(There are people who believe that people, places, objects do not MAKE you happy, but rather that happiness is a state of mind that you create for yourself.  What do you think of that?

Hmm.

While I would be unbelievably sad if I could never play soccer or eat mint chocolate chip ice cream again,  I do think that’s right.  Put someone in the isolation ward in a top security prison, take away everything that makes them happy, and they go insane.   Really, could they still be happy if the sun never shined? If they lost everyone they knew?  Could their soul muster the strength to create a synthetic happiness?  But a big part of me thinks, yes, yes.  If you put me in isolation in prison, I would learn to love singing to myself.   I think people feel unhappy in much less extreme situations, as if the little daily dramas and losses combine into a tsunami wave, drowning any chance to smile truly.  But I personally believe in loving and celebrating the little daily victories and delights.  Even Anne Sexton had a horrible personal life but found happiness in her outlet, the typewriter.

(Please explain more about your connection to poetry, as you’ve referenced it a bit.)

Oh, sure.  I’m currently studying English, with a focus on poetry.  Actually, to be even more specific, I’m really interested in modern feminist love poems.  Shakespeare was great, but you just can’t beat someone trying to explain love with things like trains, refrigerators, push-up bras, roller skates.  I love the effort of trying to explain your emotions in words.  It always leaves a little unsaid, but sometimes there’s a perfect connection between writer and audience, the aha!  I totally get what you’re saying! I thought I was the only one who felt that…. And that to me is more important than the words themselves.  This is by far the most nerdy aspect of my life.  I try to avoid bringing it up at bars because I get too excited, and it’s apparently much more attractive to remain cool and detached about things than to be passionate.  Kat and I have talked about this a little, but it’s easy for her because she’s cool and detached about everything naturally.  One time, she went to a hair salon and they accidentally put green coloring in her highlights.  She didn’t lose an ounce of steam, she just got them to agree to a month of free haircuts; and as we walked out, she said, “Lucy, I don’t care what color my hair is, life’s about fun not being serious.”  And you know what?  She looked awesome with those streaks of green.  Often I forget that she isn’t really my older sister, because I look up to her so much.  Too bad I can’t say that about my real siblings.  Maybe I should dye my hair some crazy color.  Just in time for the big Halloween party coming up.  God I can’t wait to see a hundred people crammed into our house…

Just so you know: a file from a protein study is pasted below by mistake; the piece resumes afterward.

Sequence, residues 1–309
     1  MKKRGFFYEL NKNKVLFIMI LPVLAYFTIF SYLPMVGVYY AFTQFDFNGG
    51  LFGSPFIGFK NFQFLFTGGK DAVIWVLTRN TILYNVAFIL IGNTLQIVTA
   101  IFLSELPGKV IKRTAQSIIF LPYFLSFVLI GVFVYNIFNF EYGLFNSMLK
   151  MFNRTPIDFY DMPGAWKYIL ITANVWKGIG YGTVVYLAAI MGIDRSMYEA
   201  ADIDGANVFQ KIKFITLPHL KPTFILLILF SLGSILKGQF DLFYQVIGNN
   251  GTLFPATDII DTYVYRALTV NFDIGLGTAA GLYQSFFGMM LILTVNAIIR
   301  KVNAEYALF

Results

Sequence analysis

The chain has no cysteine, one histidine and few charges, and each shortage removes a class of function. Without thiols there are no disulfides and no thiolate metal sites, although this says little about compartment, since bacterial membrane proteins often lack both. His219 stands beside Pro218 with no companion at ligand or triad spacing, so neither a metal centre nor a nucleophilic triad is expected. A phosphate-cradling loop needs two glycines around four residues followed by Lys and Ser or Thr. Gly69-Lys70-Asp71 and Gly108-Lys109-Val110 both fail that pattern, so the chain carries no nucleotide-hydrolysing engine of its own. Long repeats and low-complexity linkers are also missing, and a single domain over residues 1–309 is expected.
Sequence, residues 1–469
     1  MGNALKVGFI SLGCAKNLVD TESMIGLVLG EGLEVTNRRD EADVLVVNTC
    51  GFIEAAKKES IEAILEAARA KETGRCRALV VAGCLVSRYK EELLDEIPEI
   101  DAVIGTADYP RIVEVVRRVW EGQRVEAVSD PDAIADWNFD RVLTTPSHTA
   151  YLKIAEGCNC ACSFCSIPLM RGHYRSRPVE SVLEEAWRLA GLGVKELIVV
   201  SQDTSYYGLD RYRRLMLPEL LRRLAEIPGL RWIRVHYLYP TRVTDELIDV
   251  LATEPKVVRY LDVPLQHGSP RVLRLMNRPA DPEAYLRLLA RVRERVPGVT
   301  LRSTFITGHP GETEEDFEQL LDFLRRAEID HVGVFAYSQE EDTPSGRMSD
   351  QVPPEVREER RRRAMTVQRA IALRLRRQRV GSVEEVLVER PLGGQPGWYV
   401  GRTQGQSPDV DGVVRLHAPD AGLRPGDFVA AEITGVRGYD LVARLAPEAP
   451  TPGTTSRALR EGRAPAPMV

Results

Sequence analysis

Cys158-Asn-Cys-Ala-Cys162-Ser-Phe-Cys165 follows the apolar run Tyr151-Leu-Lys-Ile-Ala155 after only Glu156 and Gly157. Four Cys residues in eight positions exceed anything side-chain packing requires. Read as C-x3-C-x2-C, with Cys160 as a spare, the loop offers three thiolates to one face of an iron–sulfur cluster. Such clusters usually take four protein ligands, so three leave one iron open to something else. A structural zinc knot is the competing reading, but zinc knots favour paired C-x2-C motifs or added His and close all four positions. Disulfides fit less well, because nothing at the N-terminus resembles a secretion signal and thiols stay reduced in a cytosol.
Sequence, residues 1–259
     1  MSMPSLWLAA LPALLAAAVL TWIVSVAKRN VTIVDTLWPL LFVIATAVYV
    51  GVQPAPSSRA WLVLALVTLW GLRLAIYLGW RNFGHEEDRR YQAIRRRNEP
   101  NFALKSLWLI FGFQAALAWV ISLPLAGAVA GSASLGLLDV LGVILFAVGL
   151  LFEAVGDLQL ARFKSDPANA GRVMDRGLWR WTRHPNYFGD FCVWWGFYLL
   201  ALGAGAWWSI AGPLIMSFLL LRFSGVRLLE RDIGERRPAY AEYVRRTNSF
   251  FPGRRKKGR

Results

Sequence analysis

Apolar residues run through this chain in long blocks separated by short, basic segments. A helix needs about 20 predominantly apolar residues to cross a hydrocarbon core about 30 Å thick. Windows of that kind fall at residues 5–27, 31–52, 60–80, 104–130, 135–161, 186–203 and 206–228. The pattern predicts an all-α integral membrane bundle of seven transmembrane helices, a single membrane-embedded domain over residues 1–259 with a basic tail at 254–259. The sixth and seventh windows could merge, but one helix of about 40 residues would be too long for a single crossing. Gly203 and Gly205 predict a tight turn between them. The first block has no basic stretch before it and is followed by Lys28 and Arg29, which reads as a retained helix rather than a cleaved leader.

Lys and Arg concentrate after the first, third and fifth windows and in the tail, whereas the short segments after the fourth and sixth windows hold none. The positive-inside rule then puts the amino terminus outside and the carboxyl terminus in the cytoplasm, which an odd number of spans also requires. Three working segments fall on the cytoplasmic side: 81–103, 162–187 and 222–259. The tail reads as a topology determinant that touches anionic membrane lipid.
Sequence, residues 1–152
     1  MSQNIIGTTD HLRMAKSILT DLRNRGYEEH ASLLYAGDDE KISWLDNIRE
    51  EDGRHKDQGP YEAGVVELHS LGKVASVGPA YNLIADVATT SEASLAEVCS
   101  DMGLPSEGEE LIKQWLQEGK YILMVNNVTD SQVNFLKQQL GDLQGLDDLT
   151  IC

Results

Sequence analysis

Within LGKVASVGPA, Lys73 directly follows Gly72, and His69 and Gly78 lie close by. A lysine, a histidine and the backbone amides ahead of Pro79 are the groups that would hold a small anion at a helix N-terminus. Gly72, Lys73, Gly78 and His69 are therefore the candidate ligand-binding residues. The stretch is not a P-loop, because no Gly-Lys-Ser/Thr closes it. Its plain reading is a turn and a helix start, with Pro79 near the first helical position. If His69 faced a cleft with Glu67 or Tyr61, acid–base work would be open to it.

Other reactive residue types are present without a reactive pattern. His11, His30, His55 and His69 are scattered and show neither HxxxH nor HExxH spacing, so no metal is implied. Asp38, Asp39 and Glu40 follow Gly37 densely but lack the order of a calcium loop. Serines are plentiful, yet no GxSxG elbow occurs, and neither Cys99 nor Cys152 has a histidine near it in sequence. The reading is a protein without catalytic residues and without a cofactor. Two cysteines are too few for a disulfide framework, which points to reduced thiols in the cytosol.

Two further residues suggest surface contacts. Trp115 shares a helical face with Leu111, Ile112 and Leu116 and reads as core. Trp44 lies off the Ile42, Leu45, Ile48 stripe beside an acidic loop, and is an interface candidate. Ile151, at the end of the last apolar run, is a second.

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I don’t know what to say. Well, my name is Clay Berges.